In 1983 three former Texas Instruments executives launched the first IBM PC compatible computer that was the beginning of the mobile PC industry. The Compaq Portable demonstrated that mobile computers were the wave of the future.
On a recent drive down highway 249 in Houston I glanced to the left at the HP campus near Louetta Drive. As a native Houstonian who formerly lived near this campus, looking at this huge campus was routine for me. This was the first time I had driven past it in a while and I was taken back to see a big hole in the wooded area that rings the HP campus. That's because HP sold off part of the campus a few years ago and in 2011 two of the big office buildings that made up part of the facility were demolished, leaving a blank space where big buildings used to dominate the landscape.
This set me on a course down memory lane as the HP campus was originally the headquarters for Compaq. HP bought Compaq in 2002 and took over what was a state-of-the-art campus when Compaq built it. Compaq has a fond place in the hearts of Houstonians as the company put Houston on the map as a high-technology city. There are Compaq employees still working at this campus today, now long-time HP workers.
Compaq was one of the fastest growing companies in the US due to the successful launch in 1983 of its first product, the Compaq Portable. This wasn't the first luggable computer produced (Kaypro, Osborne) but it was the first IBM PC clone to hit the market and it was important for several reasons.
The all-in-one design of the Compaq Portable contained an entire PC in a luggable case. The 28 pound Portable was not very mobile but with the big keyboard latched to cover the 9-inch green screen it could be carried from one power outlet to another. There was no battery in this first portable computer so the definition of mobile was much narrower than it is today.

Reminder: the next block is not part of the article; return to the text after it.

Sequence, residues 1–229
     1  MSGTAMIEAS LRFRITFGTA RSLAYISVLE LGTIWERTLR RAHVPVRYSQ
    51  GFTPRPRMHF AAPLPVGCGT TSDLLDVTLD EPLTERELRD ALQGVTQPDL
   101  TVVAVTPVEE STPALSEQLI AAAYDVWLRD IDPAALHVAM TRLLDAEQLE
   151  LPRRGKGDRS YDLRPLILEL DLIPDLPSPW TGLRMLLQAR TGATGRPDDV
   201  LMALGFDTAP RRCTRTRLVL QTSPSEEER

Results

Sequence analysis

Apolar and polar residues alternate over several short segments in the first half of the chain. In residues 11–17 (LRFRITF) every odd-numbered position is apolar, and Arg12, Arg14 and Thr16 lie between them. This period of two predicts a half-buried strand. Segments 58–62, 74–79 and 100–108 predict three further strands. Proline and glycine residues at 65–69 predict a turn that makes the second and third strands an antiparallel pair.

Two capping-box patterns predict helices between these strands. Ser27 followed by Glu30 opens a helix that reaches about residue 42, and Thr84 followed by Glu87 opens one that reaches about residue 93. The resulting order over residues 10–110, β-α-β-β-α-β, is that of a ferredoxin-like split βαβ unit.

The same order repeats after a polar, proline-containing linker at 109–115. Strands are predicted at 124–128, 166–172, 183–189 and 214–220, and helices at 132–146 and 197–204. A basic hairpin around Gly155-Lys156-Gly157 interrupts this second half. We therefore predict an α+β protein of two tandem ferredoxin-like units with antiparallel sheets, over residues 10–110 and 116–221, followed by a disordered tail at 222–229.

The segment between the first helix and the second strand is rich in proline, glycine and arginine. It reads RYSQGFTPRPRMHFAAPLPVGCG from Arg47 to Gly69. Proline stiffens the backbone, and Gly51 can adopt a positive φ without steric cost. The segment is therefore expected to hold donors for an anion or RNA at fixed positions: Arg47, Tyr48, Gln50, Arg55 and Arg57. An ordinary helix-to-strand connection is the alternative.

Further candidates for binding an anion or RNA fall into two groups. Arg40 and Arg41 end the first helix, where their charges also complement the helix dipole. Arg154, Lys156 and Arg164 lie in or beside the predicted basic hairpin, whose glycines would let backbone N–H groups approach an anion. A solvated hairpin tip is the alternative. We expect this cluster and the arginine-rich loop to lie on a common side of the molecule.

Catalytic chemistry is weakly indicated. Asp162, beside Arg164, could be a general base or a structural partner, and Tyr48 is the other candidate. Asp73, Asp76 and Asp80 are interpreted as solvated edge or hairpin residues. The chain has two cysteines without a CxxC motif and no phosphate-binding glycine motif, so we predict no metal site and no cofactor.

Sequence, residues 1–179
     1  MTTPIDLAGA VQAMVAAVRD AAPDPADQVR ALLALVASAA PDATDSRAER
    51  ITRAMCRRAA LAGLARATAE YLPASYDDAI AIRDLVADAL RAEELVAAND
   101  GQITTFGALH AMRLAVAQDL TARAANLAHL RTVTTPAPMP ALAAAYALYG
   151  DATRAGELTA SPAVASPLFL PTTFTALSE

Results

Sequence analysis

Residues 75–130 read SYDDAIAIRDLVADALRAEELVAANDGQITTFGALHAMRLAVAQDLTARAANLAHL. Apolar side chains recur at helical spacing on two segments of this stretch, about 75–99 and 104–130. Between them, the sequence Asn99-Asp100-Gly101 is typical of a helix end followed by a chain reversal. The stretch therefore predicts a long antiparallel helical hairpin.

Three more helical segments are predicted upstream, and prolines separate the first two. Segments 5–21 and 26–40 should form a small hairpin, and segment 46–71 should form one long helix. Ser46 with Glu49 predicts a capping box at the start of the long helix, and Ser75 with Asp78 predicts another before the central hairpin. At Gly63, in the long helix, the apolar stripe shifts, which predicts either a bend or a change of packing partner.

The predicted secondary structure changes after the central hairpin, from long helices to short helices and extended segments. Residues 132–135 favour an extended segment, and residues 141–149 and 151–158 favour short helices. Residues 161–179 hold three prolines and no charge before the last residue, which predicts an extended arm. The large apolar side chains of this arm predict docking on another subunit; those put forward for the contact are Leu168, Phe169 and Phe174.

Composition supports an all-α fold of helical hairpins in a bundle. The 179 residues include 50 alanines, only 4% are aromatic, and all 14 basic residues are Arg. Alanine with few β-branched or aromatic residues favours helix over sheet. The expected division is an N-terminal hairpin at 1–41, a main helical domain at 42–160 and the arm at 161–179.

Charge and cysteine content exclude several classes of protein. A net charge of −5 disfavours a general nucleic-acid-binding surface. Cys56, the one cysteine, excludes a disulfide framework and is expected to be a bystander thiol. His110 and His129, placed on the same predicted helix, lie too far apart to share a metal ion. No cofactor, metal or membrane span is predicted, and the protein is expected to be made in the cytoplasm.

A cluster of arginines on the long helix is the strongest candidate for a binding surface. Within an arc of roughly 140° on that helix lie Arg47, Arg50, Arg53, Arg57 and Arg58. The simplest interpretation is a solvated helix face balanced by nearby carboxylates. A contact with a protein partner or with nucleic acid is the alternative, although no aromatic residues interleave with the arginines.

Compaq was Houston's Apple, and the city is still looking for its replacement.
The Compaq Portable single-handedly launched both the mobile computer and the PC clone industries. Prior to the appearance of Compaq, IBM was the only company able to produce PCs in the early years due to its proprietary BIOS and operating system. Microsoft introduced MS-DOS which gave Compaq an OS to license for its Portable but the BIOS was IBM intellectual property.
Compaq legally reverse-engineered IBM's BIOS and the Compaq Portable was the result. It cost over $3,000 when launched in 1983 and was 95 percent compatible with IBM's line of desktop PCs. The fact that Compaq sold 53,000 Compaq Portables the first year and set a revenue record for the first four years demonstrated the viability of the portable computer market and spurred the IBM PC clone industry.
Another innovation that made Compaq such a successful company in the fledgling PC business was its ability to produce new products faster than any other company. The industry product cycle time for new PCs was 12 - 18 months, and through innovative processes Compaq reduced that to 6 - 9 months. This allowed it to take advantage of Moore's Law and get products to market faster and thus better than the competition. Compaq also made a deal with Intel to get new processors before other companies.
The luggable PC line of Compaq evolved into the laptop that has come to dominate the PC industry today. HP bought Compaq in 2002 and as often happens in such mergers eventually integrated the latter into its own corporate culture.
Compaq is no more, but it lives fondly in the memories of Houstonians. The company played a major role in Houston business during its heyday, which didn't last nearly long enough. To this day some Houstonians driving down highway 249 call it the Compaq campus, even though the sign out front is an HP sign and has been for over a decade. Compaq was Houston's Apple, and the city is still looking for its replacement.
Silicon Valley can rest comfortably knowing it's the center of the tech universe, but Houstonians know that our city is the birthplace of mobile computing and where the PC industry got its real start.